By: walt sturgeon (Mycowalt)
2011-02-24 23:10:27 EET (+0200)

I’m confused. I was trying to edit the genus name, not just the spelling. What did I do wrong?

Thank you Robert!
By: Irene Andersson (irenea)
2011-02-24 23:07:46 EET (+0200)

lutescens and tubaeformis are considered to be conserved names, and aurora is illegitimate anyway.

Craterellus aurora is not a published name.
By: walt sturgeon (Mycowalt)
2011-02-24 23:02:36 EET (+0200)

Or at least I can’t find it.

Cantharellus aurora (Batsch) Kuyper, Riv. Micol. 33(3): 249 (1991) 1990

Here is the beginning of a paper supporting keeping Cantharellus lutescens but it is was published in 2002.


Another relevant paper
By: Robert Sasata (Sasata)
2011-02-24 23:01:11 EET (+0200)

Redhead et al. (2002). “(1537-1538) Proposals to Conserve the Names Cantharellus lutescens Fr.: Fr. and C. tubaeformis Fr.: Fr. (Basidiomycota) with Conserved Types” Taxon 51(3):559-562. First page preview at http://www.jstor.org/stable/1554875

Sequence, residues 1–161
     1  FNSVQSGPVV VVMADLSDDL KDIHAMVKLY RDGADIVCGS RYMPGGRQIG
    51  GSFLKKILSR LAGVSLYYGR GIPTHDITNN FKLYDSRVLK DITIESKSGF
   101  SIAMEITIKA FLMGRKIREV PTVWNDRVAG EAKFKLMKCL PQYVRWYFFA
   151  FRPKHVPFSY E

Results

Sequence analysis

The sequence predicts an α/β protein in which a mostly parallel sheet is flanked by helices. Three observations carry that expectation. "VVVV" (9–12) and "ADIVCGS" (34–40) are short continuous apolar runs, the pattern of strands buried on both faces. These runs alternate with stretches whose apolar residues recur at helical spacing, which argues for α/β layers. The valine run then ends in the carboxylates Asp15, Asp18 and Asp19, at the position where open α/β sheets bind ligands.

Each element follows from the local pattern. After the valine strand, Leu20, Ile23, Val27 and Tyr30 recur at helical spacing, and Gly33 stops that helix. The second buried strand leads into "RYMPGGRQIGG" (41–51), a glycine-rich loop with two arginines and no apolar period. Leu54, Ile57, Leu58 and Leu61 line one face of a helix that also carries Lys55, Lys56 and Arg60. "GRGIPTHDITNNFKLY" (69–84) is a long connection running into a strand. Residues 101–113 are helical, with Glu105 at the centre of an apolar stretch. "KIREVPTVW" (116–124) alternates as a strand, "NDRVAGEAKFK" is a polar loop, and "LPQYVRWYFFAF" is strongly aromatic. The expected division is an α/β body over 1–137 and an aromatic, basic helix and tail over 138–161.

By: Erin Page Blanchard (CureCat)
2011-02-24 22:56:20 EET (+0200)

Perhaps I should not have contributed to the name editing, but maybe you should not have either. Rampant name editing which is neither published nor fully informed is NOT helpful and certainly adds to clouding the information that is currently available. Much more work needs to be published before we should be inferring the current taxonomy and democratically deciding it based on popular opinion.

Not that it really matters,
By: Robert Sasata (Sasata)
2011-02-24 22:53:03 EET (+0200)

but yes, it mentions the Dahlman et al. (2000) research on p. 941 (corroborating it); and the Kuo page was updated in February of 2006, which is before the Moncalvo paper (not “my” paper) was published.

newer phylogenetics
By: Erlon (Herbert Baker)
2011-02-24 22:25:54 EET (+0200)

That paper is rather broad and does not address the species in question.

I should point out that http://www.mushroomexpert.com/craterellus_aurora.html was updated in 2006, the same year your paper was written.

@Ireane, I didnt mean tug of war with you, I was referring to someone else that went right behind me and edited my work. They may not realize this, but I’ve done some research.